The real number and extent will be somewhere in between: perhaps a number of zones that is much smaller than what the FARC wants, but that are larger in size than what the government wants. A smaller number of zones would facilitate efforts to verify a ceasefire. However, too few of these zones would risk drawing the FARC too quickly out of other areas where the group has long been dominant. This could leave security vacuums in those areas, which the government may be incapable of filling quickly enough to prevent violent competition among armed and criminal groups—paramilitary successor groups, the National Liberation Army (ELN) guerrillas, organized crime—for control of drug-trafficking corridors, unlicensed precious-metals mining, and other illicit income streams. If Colombia’s government has a well-financed, multi-agency plan to surge into these “vacuum” zones in a matter of months, thus preventing a free-for-all among illegal groups, it is unknown to WOLA.
Post-accord violence could also flare up if other violent actors are present in the FARC concentration zones. The ELN, criminal bands, and traffickers are unlikely to withdraw from towns or sites they view as strategic for their illegal income, simply because of a decree from the peace table in Havana. Many such contested areas are along Colombia’s coasts and borders, or along rivers used heavily for drug trafficking. Because of the likelihood of violent competition, and the likelihood of some FARC members using Concentration Zones to continue participating in illicit trafficking, the government is resisting FARC demands that some of these zones lie along coasts or borders.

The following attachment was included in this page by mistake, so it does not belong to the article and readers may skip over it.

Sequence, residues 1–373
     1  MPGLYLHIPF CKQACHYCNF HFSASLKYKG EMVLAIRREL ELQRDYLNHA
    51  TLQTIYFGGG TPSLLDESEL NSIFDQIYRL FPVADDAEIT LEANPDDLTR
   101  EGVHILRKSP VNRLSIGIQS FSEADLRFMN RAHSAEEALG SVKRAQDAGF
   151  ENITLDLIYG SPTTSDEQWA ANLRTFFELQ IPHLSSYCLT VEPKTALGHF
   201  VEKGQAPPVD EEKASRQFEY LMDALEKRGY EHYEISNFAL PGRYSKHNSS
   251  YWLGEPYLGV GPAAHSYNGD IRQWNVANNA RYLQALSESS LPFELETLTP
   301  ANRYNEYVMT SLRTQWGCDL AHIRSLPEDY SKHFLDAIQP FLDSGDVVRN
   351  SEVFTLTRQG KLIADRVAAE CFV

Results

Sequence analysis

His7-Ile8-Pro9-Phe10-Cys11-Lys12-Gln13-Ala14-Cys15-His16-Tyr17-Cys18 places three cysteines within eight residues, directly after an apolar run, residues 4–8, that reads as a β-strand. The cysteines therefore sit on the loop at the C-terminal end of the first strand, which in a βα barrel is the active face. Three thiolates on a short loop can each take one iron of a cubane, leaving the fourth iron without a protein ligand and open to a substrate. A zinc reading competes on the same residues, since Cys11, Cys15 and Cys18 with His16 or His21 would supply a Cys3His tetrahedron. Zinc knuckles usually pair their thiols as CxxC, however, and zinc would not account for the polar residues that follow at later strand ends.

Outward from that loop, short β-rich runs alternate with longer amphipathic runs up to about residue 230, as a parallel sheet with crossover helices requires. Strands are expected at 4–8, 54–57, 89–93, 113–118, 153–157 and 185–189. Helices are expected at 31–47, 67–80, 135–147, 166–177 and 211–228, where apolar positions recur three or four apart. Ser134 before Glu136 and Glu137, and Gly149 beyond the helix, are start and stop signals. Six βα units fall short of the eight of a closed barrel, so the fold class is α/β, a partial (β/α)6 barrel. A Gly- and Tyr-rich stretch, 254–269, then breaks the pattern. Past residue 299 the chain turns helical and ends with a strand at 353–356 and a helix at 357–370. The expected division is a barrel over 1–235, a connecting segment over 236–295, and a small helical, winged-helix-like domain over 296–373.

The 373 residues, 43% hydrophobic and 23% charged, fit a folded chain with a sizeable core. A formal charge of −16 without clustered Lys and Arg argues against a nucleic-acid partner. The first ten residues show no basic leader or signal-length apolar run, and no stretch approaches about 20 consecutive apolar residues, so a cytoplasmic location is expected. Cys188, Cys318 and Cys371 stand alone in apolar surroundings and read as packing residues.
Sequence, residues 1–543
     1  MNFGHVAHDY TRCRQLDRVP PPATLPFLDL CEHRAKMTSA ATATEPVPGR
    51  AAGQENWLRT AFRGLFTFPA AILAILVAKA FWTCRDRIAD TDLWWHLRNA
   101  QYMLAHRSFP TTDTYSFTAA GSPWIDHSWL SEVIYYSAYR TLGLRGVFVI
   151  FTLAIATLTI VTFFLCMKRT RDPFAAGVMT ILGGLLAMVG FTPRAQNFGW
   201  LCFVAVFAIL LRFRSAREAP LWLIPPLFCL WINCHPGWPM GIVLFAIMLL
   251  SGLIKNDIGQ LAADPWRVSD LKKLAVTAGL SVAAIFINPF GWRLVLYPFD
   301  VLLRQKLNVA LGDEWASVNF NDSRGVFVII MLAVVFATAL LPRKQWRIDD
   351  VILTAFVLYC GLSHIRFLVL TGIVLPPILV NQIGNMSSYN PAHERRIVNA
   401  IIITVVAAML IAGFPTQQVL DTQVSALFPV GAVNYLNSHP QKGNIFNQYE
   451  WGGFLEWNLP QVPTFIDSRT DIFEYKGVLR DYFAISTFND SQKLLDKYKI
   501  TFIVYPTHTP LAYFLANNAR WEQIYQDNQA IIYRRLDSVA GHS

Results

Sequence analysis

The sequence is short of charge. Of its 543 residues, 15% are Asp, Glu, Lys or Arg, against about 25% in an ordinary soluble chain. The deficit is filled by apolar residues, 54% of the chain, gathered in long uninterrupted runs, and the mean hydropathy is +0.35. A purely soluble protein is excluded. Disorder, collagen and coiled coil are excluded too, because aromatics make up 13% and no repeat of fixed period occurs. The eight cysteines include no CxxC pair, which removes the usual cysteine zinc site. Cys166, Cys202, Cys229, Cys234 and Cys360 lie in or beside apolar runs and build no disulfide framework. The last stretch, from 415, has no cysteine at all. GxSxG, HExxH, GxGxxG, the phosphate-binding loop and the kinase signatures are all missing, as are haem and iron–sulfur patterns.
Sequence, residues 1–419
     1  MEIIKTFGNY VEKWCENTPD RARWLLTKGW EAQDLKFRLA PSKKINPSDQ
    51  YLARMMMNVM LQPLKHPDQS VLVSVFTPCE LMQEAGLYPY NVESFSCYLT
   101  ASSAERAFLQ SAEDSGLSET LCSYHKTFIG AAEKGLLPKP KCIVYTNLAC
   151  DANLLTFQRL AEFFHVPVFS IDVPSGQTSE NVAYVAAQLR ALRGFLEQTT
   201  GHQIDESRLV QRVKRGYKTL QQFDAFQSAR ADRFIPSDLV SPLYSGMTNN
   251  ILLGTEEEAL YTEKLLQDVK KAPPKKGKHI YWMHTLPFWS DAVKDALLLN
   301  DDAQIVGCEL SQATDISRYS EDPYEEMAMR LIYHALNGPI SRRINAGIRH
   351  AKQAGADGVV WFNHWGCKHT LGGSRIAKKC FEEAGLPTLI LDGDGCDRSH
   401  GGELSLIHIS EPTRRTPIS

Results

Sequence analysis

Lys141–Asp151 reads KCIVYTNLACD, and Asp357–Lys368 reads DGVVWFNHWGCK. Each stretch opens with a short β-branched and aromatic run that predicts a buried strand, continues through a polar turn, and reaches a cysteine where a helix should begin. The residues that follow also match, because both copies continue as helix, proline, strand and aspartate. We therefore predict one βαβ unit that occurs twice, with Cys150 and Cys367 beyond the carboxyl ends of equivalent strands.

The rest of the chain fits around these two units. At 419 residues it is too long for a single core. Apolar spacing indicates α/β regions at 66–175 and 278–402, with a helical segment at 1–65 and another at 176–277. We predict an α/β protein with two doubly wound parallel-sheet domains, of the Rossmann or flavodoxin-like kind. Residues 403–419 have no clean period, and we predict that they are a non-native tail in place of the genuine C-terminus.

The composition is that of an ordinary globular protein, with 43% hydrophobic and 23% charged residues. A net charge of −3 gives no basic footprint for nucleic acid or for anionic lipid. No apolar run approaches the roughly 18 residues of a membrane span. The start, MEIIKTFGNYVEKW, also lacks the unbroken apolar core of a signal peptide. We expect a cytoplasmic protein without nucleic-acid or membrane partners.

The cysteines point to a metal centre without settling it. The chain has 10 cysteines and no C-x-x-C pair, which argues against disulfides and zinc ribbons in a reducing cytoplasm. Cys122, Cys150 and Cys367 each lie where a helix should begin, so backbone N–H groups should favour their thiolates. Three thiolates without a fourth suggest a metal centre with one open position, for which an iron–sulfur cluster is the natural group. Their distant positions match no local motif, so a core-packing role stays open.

How will security be guaranteed?
The Colombian military, which has fought the rebels for 52 years, will be tasked with guarding the perimeters of these zones. Regardless of all military commanders’ will and capacity (which will vary), the zones’ boundaries will inevitably be porous, just like Colombia’s international borders. It is not clear what options exist to protect demobilizing guerrillas from spoilers seeking to enter these zones and target leaders or otherwise cause mayhem, especially once the FARC’s process of “leaving aside arms” reaches such an advanced state that the group’s violent deterrent capacity is diminished.
A violent incident could derail the post-conflict recovery process, perhaps permanently. Plans for preventing one are currently being negotiated by a “sub-commission” of guerrilla and Colombian military negotiators in Havana. The general details of this plan are unclear, but the experience of the Patriotic Union—an unarmed political party that the FARC established during a 1980s peace process, which saw thousands of its members killed—makes clear that implementing it will require heretofore unseen levels of resources, manpower, political will, and creativity.
What about communities that currently exist in the zones?
The Concentration Zones are unlikely to be empty, but supplying them would be very difficult with no population centers or infrastructure nearby. In fact, many or most are likely to incorporate existing communities.